Men over the age of 35 in South Africa are not taking up the COVID-19 vaccination at the same rate as women. Only 40% of those who had been vaccinated by 13 August 2021 were men, according to a Health Department report.
This is an unusual pattern. In countries where vaccine uptake is recorded by sex, there is a slight trend towards men being more likely to get vaccinated than women.
So, why are South African men not getting vaccinated for COVID-19? There is currently no research on the specific question. Nevertheless it’s possible to gain some insights by looking at research into men’s attitudes to HIV testing and engaging with the health system.
There are, of course, significant differences between HIV testing and treatment and COVID-19. But research around HIV might point to some potential reasons why men may not be accessing COVID-19 vaccinations.
Research on men’s access to HIV testing and treatment has shown men are less likely to test for HIV, and once they know they are HIV-positive, less likely to access treatment, and achieve viral suppression. A lot of qualitative and quantitative research has explored why this may be the case.
What emerges are that reasons for men’s limited access, range from ideas about masculinity and health, ideas about the health system as a place for women, and ability to avoid the risk of infection.
Understanding why men may be less likely to get a COVID-19 vaccine is crucial for designing effective vaccination campaigns.
Might one explanation be that there are higher levels of vaccine hesitancy among men? Reasons for not wanting to be vaccinated range from a lack of trust in vaccine safety to personal religious beliefs.
But there is no evidence that vaccine hesitancy is more common among men than among women in South Africa. A recent National Income Dynamics Survey showed that men and women were equally willing to get vaccinated.
And another recent survey showed that men slightly more willing to get vaccinated than women (among those not yet vaccinated).
So why the pattern when it comes to the COVID-19 vaccine?
Much of the research on why men may not seek HIV testing and treatment has focused on men’s masculinity. Masculinity refers to the norms around “what it means to be a man” in a given time and space. These norms are shaped by economic, social and political forces, and they influence men’s health behaviours, including vaccination.
Research has suggested that men feel testing and treatment for HIV is a threat to their masculinity. They think it will change how others will see them, as well as how they will see themselves. Men are also concerned about whether treatment will affect things which are important to them, including drinking alcohol, having sex, and fathering a child.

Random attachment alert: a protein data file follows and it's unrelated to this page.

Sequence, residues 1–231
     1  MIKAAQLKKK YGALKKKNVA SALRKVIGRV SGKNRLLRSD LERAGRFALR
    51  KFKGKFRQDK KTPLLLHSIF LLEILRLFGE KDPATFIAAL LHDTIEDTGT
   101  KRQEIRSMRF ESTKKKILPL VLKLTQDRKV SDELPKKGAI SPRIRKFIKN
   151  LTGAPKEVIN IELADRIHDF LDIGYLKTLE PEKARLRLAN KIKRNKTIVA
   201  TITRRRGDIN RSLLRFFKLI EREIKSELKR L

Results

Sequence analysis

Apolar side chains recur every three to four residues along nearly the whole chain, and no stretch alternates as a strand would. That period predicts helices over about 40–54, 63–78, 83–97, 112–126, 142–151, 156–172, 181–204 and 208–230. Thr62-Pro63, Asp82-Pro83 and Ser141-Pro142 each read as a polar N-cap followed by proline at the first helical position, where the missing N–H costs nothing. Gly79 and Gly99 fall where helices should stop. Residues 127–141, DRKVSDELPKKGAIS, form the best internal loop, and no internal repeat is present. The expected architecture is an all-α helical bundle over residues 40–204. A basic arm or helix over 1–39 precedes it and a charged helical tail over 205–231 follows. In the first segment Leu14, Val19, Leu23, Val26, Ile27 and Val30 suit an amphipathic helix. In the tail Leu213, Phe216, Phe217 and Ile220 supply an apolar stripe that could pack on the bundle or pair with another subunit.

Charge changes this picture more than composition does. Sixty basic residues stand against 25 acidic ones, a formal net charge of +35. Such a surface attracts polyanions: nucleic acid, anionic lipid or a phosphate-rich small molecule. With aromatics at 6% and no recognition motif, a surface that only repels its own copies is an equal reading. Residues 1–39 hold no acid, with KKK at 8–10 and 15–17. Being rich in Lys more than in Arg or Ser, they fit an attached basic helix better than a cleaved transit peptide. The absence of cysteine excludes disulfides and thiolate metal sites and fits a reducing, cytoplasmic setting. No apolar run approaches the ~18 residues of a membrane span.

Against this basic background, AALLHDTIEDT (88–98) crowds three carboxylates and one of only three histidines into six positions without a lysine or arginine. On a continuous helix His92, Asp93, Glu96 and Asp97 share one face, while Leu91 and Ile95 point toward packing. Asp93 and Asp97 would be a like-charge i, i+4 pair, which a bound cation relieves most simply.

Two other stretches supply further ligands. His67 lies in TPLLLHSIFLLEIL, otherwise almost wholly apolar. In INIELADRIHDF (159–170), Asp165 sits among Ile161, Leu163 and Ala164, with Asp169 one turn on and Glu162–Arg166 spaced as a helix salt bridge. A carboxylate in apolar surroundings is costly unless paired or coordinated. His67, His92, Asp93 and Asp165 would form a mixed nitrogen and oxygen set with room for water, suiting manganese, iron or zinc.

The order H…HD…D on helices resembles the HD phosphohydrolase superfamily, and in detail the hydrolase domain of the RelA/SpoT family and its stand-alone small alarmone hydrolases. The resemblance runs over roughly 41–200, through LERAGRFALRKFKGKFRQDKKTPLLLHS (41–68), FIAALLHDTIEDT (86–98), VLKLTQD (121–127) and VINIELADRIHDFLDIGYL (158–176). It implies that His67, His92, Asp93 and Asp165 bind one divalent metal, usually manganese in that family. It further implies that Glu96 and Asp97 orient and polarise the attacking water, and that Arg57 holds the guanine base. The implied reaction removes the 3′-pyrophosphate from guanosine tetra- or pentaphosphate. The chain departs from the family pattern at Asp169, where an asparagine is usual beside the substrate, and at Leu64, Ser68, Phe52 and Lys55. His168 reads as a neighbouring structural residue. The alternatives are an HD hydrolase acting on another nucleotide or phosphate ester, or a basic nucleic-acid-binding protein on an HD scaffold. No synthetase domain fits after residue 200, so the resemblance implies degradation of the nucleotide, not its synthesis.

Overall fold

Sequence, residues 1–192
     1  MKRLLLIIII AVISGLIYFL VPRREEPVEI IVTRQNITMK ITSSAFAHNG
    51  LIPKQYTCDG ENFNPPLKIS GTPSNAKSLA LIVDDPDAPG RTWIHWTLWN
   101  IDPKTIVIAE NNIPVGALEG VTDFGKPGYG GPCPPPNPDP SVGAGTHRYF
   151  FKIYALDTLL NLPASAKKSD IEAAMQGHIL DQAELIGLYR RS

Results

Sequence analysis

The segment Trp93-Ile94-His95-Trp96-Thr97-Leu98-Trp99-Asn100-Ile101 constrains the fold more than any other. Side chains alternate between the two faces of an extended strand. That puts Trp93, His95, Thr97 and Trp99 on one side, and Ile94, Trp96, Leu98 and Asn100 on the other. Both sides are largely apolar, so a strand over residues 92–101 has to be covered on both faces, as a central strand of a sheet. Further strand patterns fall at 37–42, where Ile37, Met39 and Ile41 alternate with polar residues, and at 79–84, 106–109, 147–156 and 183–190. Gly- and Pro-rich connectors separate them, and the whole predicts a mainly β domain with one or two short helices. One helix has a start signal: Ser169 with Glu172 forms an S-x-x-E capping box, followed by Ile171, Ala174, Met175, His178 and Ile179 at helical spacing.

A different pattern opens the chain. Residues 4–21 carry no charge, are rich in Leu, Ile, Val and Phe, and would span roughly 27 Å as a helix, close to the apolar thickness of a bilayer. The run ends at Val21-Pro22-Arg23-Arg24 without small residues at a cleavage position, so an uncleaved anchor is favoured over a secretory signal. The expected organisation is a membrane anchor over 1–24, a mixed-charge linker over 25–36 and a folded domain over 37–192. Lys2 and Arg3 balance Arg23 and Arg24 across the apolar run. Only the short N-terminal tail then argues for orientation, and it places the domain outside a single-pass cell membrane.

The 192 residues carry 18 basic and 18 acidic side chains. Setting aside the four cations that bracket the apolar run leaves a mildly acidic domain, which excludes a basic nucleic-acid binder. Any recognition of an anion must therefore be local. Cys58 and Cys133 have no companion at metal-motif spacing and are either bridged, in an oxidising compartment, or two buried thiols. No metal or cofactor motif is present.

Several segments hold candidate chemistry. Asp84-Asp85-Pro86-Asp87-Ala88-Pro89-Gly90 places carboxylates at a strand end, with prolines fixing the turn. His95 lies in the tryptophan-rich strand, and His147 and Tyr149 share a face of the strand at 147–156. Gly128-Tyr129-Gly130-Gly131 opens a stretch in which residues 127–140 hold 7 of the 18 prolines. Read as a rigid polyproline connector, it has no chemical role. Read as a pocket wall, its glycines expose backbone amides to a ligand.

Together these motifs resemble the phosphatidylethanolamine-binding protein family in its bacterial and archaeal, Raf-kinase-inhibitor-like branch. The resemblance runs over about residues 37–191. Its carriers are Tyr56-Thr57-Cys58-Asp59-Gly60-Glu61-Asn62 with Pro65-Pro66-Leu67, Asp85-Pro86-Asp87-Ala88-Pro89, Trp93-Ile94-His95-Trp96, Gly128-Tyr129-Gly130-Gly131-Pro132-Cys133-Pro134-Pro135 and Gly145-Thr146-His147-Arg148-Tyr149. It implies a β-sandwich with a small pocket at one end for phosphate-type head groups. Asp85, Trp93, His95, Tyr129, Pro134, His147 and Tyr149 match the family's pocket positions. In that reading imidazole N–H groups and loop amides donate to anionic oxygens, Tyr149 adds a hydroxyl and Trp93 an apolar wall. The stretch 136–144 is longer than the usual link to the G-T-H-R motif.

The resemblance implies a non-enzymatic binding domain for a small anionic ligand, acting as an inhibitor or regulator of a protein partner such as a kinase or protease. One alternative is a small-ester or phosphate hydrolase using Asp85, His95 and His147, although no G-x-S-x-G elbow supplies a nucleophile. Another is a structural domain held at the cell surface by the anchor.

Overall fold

Other research has highlighted how men feel about ill health in general. It is a sign of vulnerability, and often masculinity means not showing vulnerability.
All these factors could be behind men’s hesitancy to get the COVID-19 vaccine.
Another barrier to HIV-testing and treatment for men is that they see the South African health system as a space for women. They feel it does not accommodate the daily lives of men. Men have described clinics as spaces that are really for women to get contraception and healthcare for children.
Clinics, through limited opening hours, overworked staff and long queues, sometimes make it hard to access healthcare – especially for people who have to go to work.
It may be that men would like to get vaccinated, but are put off by not being familiar with health systems, and by long queues.
Another possible reason that men have been less likely to seek a COVID-19 vaccination is a lower sense of risk. Those in frontline jobs are overwhelmingly women and they may seek a vaccination because they know they are more likely to be exposed to infection. In South Africa only 9.1% of nurses are male, women dominate the teaching profession, and frontline workers such as cashiers are more likely to be women.
Increasing the number of people vaccinated in South Africa is critical if the country is to achieve any form of normality. Many of the strategies to increase vaccination, including longer hours at vaccination centres, opening over weekends and locating centres near communities, are slowly happening.
But, if men are refusing vaccines because of their ideas about masculinity and health, then vaccine uptake campaigns need to emphasise how a vaccination protects an individual’s health and their family’s health. And that vaccinations only have short-term, minor side effects.
Lessons from HIV research also suggest that the COVID-19 vaccination drive should focus on more decentralising vaccine locations, reducing queues and creating supportive spaces.